See under Fundraising above.
The ASA has not upheld complaints about a cinema ad for the domestic abuse charity, Women’s Aid Federation of England. The complaints were that the ad caused excessive distress and that the scheduling had been irresponsibly targeted.
The Government Equalities Office has published a Review of the Equality and Human Rights Commission. In summary, the Review found that the EHRC is not meeting its potential.
The Technology and Construction Court (TCC) (O’Farrell J) has ordered two successful tenderers to disclosure their full tender documents to a confidentiality ring in order to ascertain whether there had been discrepancies in the way in which these were evaluated by the contracting authority (the Ministry of Justice). The case relates to a Ministry of Justice procurement exercise for the award of a single contract, or regional contracts, for the delivery of approved enforcement agency services on its behalf. The claimant (M) challenged the procurement exercise on the basis that there had been defects in the evaluation process. The TCC required the full tender documents to be disclosed to the first confidentiality ring comprising the parties’ legal teams. This decision is of interest as it clarifies when a successful tenderers’ documentation should be disclosed and for what purpose. (Marston Holdings Ltd v Ministry of Justice (HM Courts and Tribunals Service)  EWHC 3168 (TCC).)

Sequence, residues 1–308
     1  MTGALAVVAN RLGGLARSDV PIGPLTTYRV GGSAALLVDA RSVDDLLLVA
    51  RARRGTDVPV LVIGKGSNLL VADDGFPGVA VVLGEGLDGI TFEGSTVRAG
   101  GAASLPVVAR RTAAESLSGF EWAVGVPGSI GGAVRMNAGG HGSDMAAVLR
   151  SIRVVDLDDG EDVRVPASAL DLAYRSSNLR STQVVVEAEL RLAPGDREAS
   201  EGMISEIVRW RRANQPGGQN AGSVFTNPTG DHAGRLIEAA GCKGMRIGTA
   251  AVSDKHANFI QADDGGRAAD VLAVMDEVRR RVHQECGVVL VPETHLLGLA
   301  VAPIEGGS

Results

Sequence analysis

The Office of the Scottish Charity Regulator has published updated guidance on:
- charity names and
- making changes to your charity (which includes changing your name, changing your charity’s purposes or winding up the charity)
This information is necessarily of a general nature and doesn’t constitute legal advice. This is not a substitute for formal legal advice, given in the context of full information under an engagement with Bates Wells.
All content on this page is correct as of November 27, 2018.